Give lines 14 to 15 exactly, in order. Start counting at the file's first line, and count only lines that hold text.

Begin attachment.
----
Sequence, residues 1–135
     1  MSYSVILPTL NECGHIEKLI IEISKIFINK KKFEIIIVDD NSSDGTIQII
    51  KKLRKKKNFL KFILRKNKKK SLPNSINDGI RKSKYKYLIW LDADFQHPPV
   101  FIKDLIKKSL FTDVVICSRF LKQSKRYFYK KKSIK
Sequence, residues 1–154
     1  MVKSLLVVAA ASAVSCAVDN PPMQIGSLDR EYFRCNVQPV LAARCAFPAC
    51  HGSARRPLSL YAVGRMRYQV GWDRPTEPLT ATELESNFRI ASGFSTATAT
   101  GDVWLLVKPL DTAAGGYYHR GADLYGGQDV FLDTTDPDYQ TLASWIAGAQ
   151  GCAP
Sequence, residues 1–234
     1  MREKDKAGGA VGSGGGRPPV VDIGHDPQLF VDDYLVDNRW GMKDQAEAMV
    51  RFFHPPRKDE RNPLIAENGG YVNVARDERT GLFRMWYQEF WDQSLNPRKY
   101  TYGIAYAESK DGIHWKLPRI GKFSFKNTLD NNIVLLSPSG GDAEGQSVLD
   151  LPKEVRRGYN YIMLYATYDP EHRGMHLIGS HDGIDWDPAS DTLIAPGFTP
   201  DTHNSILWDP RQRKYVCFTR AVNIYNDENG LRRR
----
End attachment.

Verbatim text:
   151  LPKEVRRGYN YIMLYATYDP EHRGMHLIGS HDGIDWDPAS DTLIAPGFTP
   201  DTHNSILWDP RQRKYVCFTR AVNIYNDENG LRRR